Big Data = Business Intelligence?

Big Data – it’s a big buzzword in the tech scene. This week I was asked by Slush, the annual startup and innovation event in Singapore, to give a keynote on the value of Big Data and how data insights can be invaluable when developing digital services – and ultimately spell the difference between success and failure.

Did you know that there has been over 4 million hashtags for Big Data on Twitter this year alone? Or that 90% of all data in existence has been created the last 4 years? Big data is definitely a topic in the wind. But what is it really? And how does it relate to business intelligence and creating value for customers?

In my daily job as Chief Marketing Officer for the global telecom operator Telenor Group, part of my responsibility include driving the development of new digital services, digitize the core business of the company as well as ensuring the best customer experiences through data insights and cutting edge technology.

Big Data is what it sounds like: Big sets of data that can be analyzed to show patterns and trends for example for human behavior. Three main characteristics of big data are Volume (more and more created), Velocity (real time), and Variety (sms, unstructured, xml, video, text etc.). These three V’s gives challenges such as capturing the data, structure and storage it, visualizing it, and at the end use it for business intelligence to improve or find new customer offerings. On top of this, data privacy needs to be taken very seriously, also increasing complexity.

And then the big question: How can you use big data to add value through an existing product or a new service? You must be relevant in your customer interactions, have an engaging product, and be trusted.

The good and the bad

In the market today, there are both good and bad examples of how big data and business intelligence goes hand in hand. In my opinion, a good example of how a customer offering is improved through big data and BI is how Google has applied data on traffic patterns and queues to optimize travel. To do this, Google couples machine-learning algorithms with rich and reliable data from multiple sources. Smartphones are a key source of this data, providing speed, drivers’ location and itineraries from phone-based GPS to Google Maps. Thanks to this, Google can determine the real-time traffic situation on a particular section of the route or notify of cars that, due to an accident, are moving 30 km slower than what is normal.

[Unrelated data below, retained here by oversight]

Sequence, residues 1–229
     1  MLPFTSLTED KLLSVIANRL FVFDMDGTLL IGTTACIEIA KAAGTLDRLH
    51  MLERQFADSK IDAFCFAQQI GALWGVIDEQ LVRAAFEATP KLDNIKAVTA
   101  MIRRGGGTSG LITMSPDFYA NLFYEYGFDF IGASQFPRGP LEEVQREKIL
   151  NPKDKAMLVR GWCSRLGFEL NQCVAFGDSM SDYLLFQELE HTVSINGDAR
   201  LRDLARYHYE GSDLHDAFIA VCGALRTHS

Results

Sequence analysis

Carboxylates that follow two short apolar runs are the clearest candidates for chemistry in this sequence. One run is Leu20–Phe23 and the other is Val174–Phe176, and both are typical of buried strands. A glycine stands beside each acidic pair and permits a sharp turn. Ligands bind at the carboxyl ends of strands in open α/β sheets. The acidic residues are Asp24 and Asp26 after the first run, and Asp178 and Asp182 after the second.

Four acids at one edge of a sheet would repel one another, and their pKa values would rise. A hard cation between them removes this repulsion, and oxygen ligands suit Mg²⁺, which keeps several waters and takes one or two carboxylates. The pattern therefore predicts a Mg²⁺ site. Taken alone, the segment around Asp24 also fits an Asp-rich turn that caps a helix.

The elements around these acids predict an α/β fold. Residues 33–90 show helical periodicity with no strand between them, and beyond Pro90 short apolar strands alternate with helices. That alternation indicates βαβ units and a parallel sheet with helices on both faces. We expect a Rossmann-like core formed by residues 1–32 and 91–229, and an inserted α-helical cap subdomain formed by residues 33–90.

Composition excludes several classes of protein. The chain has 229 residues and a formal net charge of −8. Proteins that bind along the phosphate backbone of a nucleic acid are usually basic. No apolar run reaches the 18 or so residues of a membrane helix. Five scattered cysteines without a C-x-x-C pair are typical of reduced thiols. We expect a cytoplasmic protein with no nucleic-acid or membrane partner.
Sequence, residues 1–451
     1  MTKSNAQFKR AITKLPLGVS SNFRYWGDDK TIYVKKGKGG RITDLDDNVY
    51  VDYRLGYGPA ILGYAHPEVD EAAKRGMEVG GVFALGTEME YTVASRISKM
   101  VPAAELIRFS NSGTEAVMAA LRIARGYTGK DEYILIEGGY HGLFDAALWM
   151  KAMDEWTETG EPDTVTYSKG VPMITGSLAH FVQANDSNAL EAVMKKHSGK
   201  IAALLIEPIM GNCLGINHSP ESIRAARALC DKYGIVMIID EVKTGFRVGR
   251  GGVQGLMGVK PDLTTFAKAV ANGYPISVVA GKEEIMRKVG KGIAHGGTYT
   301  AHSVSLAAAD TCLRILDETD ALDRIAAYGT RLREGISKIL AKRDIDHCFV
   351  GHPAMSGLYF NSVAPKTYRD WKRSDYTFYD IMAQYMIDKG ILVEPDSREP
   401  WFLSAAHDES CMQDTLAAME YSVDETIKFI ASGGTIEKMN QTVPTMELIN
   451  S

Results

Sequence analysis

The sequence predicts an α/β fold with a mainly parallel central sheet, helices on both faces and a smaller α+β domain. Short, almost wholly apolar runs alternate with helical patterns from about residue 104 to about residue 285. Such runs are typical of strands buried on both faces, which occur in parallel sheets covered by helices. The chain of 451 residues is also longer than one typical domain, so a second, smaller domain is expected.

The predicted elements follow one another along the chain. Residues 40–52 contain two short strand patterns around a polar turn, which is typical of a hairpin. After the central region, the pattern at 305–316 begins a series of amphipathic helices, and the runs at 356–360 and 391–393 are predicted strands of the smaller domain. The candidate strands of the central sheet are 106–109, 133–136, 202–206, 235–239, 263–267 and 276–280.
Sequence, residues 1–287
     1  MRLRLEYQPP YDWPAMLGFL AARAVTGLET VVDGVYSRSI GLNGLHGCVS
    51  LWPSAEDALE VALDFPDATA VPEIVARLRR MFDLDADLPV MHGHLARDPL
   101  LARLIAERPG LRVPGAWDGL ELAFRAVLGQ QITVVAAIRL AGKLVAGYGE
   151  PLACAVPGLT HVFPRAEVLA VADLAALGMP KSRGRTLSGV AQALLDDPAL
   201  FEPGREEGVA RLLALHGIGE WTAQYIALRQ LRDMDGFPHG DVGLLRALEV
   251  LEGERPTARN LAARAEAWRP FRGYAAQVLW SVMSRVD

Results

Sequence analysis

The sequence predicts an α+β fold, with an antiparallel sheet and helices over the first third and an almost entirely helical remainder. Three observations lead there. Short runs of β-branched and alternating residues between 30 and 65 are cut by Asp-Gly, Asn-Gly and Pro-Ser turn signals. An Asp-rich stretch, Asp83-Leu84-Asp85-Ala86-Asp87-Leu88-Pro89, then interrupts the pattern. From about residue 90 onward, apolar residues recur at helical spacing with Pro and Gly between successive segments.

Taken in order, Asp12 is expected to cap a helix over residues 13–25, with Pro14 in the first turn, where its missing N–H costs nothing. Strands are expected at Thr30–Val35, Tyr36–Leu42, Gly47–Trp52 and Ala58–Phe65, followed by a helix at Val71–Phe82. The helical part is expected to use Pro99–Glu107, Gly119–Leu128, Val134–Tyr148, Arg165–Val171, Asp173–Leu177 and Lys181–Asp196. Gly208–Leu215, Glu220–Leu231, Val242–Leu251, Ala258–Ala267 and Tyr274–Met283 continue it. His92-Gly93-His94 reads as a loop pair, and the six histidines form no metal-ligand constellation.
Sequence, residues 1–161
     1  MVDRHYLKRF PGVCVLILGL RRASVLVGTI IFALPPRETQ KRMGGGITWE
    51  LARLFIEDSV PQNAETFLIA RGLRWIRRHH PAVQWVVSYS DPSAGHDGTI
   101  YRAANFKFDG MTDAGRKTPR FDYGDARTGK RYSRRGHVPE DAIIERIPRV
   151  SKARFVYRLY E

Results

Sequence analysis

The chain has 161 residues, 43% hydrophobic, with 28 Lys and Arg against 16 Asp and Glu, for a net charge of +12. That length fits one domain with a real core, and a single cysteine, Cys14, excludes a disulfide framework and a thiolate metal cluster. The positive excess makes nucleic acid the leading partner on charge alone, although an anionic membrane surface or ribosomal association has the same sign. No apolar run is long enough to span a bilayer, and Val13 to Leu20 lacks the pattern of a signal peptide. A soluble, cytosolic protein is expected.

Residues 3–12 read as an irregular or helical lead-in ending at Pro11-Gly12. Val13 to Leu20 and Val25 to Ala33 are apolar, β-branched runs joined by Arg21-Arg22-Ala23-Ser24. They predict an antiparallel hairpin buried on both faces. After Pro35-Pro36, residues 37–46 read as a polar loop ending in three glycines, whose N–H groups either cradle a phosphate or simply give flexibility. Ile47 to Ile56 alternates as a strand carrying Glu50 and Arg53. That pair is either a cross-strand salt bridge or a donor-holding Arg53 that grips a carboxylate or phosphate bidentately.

On the not so good side of using big data you have many online retailers. How many of you have been looking at a specific product, say a pair of shoes, and then suddenly your Facebook feed and other marketing channels are full of shoe commercials? And what happens when you have actually bought the shoes? The shoe commercials are still there for a long time. Another slightly annoying example is when my wife or kids use my computer for online shopping –the underlying algorithms do not understand that when they’re finished, it’s really no point targeting me with ads for female products or Justin Bieber promotions.

The business of combining big data and business intelligence has come far in some areas, but there is still a large improvement potential.

Mobility analytics

Coming from a large telco, many envy our access to data about our customers; which we do have a lot of. That could be from social media, web/content data, social data, demographic data, device profile data and more. But as you all know, having data is only the first step. Using it for analysis and decision making is a whole other thing that we are continuously working to improve.

In Norway, we have a project working with mobility analytics – in this context meaning analysis of movement patterns based on which base stations your cellular phone connects to. This data creates a range of new opportunities.

An outtake from a dashboard showing the movement over a day in the Norwegian capital of Oslo thanks to mobility analytics.

These data can also show attributes such as which nationalities are present at any given time. This information can be used to tailor travel experiences by adapting to tourist flows, or smarter city planning by getting information on where to locate hospitals, retailers, schools, parking lots and more.

Mobility analytics can also help us in predicting disease outbreaks and avoiding pandemics. In this area, many systems today depend on reporting from hospitals and doctors for tracking the spreading of disease – often with significant lag times.  With the help of keywords used in online search related to the disease and associating it with location, health experts can track the spread of a disease virtually in real time, allowing them to allocate limited resources more efficiently, and target communications down to the neighbourhood level.